Rush: Dickson’s last argument to be where Supreme Court began

The case is unlikely to be about a stolen horse or an illicit card game, but the Indiana Supreme Court will mark the state’s bicentennial this spring by returning to the Corydon courthouse where those first cases were heard.

Chief Justice Loretta Rush announced Wednesday in her State of the Judiciary address that the court will hear a case in the historic southern Indiana building at a date to be determined in April. The case will be the final matter Dickson hears before his retirement on April 29.

Rush began her address harkening back 200 years to the “frontiersmen-turned-statesmen” who crafted the state’s first constitution. A then-three-judge panel of the Indiana Supreme Court heard its first cases in a chamber that held about 20.

“Their docket included a stolen horse purchased at a sheriff’s sale … and an indictment for ‘unlawfully betting on a game of cards called Loo at Craig’s tavern in Brownstown,’” Rush said.

Since then, few justices have served on the court more than 25 years, and Dickson will retire as the second-longest-serving, trailing only Isaac Blackford, who recorded those first cases in Indiana history in “Blackford’s Reports.”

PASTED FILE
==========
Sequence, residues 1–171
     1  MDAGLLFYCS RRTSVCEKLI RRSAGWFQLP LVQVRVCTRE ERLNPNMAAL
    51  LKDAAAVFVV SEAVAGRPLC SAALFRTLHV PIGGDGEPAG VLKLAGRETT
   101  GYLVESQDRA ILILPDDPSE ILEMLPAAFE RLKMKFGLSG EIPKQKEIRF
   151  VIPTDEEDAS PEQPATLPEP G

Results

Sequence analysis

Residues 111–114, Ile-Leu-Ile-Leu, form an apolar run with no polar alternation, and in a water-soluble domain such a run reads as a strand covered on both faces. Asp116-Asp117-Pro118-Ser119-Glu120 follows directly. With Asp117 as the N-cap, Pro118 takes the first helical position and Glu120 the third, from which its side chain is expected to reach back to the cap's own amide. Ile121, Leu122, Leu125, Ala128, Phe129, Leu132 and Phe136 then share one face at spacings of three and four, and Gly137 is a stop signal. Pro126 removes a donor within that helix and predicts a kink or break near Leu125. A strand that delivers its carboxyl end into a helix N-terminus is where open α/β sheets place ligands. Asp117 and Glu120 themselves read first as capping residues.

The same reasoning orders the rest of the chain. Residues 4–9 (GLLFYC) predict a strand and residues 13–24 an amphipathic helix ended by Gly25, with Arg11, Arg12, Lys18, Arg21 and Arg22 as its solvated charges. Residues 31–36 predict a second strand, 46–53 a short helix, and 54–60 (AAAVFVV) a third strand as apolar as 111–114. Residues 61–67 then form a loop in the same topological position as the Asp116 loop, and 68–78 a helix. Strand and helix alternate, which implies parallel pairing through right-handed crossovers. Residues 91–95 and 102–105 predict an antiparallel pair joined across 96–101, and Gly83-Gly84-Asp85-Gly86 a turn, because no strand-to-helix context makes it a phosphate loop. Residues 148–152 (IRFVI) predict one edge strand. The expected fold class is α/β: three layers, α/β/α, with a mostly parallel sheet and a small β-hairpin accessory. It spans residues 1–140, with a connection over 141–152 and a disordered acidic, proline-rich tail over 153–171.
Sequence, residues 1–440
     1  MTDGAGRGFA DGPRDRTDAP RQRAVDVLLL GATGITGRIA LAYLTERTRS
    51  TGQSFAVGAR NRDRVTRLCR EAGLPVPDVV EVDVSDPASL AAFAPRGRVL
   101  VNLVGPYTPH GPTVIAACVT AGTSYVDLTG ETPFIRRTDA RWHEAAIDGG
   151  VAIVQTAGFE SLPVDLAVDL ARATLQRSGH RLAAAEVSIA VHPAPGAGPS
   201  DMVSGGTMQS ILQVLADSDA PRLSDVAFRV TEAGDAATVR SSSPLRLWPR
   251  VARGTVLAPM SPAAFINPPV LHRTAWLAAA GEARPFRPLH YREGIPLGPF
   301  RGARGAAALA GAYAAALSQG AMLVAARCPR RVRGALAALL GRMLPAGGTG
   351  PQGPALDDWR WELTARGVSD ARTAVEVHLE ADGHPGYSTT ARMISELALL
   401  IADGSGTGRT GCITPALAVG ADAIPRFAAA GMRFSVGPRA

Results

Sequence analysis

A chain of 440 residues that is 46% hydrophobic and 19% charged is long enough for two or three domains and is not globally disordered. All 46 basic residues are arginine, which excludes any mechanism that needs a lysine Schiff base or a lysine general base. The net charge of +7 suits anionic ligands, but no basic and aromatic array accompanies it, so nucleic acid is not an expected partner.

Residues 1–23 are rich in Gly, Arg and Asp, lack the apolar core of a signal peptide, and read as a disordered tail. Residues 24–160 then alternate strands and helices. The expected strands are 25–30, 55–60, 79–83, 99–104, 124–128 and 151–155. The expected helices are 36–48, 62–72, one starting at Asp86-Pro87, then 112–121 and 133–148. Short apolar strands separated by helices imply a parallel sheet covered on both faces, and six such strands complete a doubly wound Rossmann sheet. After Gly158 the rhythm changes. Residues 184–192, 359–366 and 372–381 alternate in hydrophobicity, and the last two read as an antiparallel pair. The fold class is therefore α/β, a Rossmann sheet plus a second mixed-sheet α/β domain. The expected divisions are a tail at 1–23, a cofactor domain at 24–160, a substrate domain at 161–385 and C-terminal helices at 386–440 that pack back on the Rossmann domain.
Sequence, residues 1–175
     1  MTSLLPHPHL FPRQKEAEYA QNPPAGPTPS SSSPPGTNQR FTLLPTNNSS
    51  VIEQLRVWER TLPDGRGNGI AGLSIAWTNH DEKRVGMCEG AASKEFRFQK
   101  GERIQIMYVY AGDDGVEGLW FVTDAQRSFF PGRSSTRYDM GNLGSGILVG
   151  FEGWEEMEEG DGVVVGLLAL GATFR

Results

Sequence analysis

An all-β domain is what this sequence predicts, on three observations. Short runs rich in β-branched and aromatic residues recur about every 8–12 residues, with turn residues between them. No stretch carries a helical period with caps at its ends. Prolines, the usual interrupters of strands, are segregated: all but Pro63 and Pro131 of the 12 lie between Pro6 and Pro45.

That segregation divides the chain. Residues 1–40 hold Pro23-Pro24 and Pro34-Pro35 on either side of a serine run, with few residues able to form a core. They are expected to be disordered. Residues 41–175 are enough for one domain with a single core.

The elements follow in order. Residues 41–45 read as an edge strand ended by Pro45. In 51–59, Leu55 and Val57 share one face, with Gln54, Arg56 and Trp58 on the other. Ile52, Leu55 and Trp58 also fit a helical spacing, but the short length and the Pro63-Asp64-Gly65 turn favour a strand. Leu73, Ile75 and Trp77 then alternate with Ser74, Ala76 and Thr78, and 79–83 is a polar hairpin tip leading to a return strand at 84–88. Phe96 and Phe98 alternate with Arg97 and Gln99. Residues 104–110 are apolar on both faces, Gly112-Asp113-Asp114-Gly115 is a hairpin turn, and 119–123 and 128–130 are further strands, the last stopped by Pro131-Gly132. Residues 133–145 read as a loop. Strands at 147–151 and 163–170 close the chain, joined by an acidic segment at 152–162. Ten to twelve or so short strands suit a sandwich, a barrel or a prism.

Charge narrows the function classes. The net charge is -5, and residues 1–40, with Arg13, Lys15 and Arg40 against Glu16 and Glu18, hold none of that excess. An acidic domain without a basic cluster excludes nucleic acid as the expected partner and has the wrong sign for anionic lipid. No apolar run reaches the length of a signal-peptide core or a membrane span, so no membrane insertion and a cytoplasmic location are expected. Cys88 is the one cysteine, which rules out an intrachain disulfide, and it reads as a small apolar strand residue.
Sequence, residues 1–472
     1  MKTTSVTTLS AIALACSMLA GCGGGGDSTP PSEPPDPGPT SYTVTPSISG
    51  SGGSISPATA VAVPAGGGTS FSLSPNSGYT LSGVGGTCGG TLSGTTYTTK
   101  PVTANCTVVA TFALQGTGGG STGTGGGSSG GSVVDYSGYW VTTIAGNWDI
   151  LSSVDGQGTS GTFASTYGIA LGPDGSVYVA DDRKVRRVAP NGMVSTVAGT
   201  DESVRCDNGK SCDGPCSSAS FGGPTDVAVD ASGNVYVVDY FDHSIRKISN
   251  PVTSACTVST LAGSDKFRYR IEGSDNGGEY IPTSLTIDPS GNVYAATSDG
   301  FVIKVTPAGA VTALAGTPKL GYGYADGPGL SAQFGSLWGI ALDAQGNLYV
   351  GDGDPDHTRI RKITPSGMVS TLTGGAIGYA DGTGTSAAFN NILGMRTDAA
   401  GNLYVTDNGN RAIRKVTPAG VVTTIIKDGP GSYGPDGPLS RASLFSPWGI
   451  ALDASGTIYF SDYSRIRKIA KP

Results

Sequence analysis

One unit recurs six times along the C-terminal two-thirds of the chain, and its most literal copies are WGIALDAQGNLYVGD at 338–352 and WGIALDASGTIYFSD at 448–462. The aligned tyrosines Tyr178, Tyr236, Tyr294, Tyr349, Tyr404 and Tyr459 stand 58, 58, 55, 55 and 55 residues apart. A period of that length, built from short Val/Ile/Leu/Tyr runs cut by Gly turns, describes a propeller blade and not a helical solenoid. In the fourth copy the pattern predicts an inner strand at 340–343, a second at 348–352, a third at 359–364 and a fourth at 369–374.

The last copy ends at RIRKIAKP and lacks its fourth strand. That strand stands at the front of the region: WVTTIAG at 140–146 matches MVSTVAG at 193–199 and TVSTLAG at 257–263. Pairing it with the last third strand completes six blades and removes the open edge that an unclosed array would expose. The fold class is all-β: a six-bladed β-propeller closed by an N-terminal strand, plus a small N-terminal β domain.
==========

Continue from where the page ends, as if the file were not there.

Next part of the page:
Rush hailed Dickson’s legacy on the court, saying he “has shaped the heart of Indiana law for years to come through careful opinions, keen insight, intelligence, unswerving ethics, tireless work, and dedication to the rule of law. He has further led administrative reforms including dispute resolution through mediation, pretrial release, and promoting volunteer legal services for the poor.

“Hearing his final argument in the Corydon courtroom benefits a man who has spent his career upholding the framers’ Constitution,” Rush said. “Our entire state owes its thanks to Justice Dickson and his wife, Jan, a leader in her own right as founder of the Judicial Family Institute.”

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